People will laugh at you? If that's the best that your friends at university can come up with, God help us. What nonsense. By far more likely a reaction is that they will think "oh, at last, someone else who thinks the same as me, and isn't just acting the confident one". We all know that half the people going to uni are shitting it - the other half are just pretending they aren't. It's a perfectly natural feeling.
    I spoke to my parents about being worried about 6 months ago, and they said that it would get better. But it hasn't. Theres now 7 weeks to go before I leave and I don't know what to do.:confused:
    I don't blame you in the slightest. When I went down to Bristol to start uni, (let's just say it didn't work out) I hated it. I hated the accommodation, I hated the city, I hated how far from home I was. I'm now starting again in Manchester, which is considerably closer to home. My parents have since admitted they hated me being so far away. They're not even very easy with my going to Manchester either.
  • Former MemberFormer Member Posts: 1,876,324 The Mix Honorary Guru
    stargalaxy wrote: »
    Unlike many, I'm prepared to admit openly that I'm not looking forward to university. I'm dreading it, to be honest. My head is filled with questions, and it angers me when I am told not to worry, not to bother thinking ahead.

    What's worrying you?
    stargalaxy wrote: »
    the other half are just pretending they aren't.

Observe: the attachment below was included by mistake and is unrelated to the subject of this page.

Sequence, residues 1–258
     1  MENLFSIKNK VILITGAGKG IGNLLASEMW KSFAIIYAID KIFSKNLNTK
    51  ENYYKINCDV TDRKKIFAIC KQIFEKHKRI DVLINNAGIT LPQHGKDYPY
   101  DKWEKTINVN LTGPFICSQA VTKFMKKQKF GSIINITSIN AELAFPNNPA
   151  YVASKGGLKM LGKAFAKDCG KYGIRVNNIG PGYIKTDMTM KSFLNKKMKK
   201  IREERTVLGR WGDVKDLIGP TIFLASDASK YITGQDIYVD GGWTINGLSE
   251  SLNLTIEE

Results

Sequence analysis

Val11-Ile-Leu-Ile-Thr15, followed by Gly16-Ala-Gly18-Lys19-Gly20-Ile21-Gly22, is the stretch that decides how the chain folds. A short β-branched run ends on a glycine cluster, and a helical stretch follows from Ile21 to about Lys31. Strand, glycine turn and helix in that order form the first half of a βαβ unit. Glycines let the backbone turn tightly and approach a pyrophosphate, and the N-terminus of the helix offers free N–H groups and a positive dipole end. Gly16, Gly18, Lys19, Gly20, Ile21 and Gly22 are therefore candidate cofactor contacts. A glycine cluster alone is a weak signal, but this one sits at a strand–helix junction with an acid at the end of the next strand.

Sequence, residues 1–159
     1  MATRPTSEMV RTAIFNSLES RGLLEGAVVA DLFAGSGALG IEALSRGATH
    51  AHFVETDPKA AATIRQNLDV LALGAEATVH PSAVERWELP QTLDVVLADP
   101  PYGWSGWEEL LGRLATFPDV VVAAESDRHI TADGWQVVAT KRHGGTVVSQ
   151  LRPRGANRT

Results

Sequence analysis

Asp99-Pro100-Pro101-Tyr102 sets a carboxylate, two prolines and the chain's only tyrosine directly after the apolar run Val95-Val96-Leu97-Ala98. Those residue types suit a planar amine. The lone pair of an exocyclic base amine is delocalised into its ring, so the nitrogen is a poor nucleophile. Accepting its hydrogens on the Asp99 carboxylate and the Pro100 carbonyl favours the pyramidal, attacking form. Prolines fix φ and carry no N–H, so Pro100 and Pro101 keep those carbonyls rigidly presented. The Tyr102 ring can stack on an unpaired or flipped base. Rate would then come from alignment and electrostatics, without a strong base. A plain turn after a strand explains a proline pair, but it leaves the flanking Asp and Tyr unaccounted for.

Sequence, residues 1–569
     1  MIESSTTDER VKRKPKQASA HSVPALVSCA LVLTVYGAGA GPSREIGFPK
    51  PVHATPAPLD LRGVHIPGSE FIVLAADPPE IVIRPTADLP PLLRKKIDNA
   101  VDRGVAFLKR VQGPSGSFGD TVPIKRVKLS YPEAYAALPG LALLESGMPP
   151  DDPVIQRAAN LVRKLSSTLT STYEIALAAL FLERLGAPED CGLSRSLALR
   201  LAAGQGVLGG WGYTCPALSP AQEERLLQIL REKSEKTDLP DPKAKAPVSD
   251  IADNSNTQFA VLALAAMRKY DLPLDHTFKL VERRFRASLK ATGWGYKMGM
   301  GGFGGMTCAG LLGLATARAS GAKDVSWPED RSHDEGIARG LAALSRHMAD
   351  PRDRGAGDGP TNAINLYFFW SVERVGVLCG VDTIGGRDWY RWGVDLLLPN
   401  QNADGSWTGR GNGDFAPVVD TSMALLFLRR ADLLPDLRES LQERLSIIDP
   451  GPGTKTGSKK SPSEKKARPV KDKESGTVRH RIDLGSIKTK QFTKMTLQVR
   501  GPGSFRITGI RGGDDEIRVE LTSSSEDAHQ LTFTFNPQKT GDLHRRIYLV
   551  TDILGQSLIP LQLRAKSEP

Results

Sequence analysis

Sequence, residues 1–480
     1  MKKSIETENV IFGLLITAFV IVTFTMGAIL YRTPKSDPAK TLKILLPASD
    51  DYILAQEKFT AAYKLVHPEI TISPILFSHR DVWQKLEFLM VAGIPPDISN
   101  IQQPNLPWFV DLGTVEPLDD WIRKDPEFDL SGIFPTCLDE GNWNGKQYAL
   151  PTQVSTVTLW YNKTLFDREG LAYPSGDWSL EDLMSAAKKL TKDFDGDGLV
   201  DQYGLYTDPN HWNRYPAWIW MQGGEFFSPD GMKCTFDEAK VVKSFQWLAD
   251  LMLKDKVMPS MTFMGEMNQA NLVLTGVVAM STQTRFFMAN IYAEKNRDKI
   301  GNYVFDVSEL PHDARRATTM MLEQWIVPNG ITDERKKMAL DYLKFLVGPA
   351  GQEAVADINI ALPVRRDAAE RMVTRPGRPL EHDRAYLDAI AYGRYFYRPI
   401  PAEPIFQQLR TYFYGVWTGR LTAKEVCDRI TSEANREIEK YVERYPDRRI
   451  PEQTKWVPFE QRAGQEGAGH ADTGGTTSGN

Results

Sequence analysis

Balls, I can imagine that being the case for someone going somewhere miles and miles away on their own. In a lot of cases though, people go to unis where they know people there and is relatively close to home. I was lucky enough to have one my good mates be my next door neighbour in halls by pure chance. :eek: :D
  • Former MemberFormer Member Posts: 1,876,324 The Mix Honorary Guru
    Yerascrote wrote: »
    What's worrying you?
    I wonder why you ask, let alone care. After all, this question is coming from a man who, less than 72 hours ago, said he was no longer taking my posts seriously.
  • Former MemberFormer Member Posts: 1,876,324 The Mix Honorary Guru
    stargalaxy wrote: »
    I wonder why you ask, let alone care. After all, this question is coming from a man who, less than 72 hours ago, said he was no longer taking my posts seriously.

    Only the one's in P&D mate.
  • Former MemberFormer Member Posts: 1,876,324 The Mix Honorary Guru
    Yerascrote wrote: »
    Only the one's in P&D mate.
    Well, forgive me for being cynical. Regardless, I'm not answering the question, as this thread isn't about me.
  • Former MemberFormer Member Posts: 1,876,324 The Mix Honorary Guru
    This may well sound a bit unsympathetic, I hope not.

    Basically as others have said, you have to leave home at some point - unless that is you want to become one of those freaks who live with their elderly parent and say things like 'Yes mother, I know, but that dress doesnt fit anymore'.

    So, knowing full well that it has to come, you have to move out and stand on your own two feet what better place to do this than uni? The answer of course is none, you will be surrounded by people, your days will be filled with this and that, and best of all you wont have to do stupid grown up things like working.

    Obviously though if you have never been away from home before it is going to be scary, I think the best policy to avoid this is to be prepared, know how to cook, how to shop for food, how to budget, how to wash clothes....etc.
  • Former MemberFormer Member Posts: 1,876,324 The Mix Honorary Guru
    hell, even if you don't know how to do any of those things before you go, you'll survive!
  • Former MemberFormer Member Posts: 1,876,324 The Mix Honorary Guru
    budda wrote: »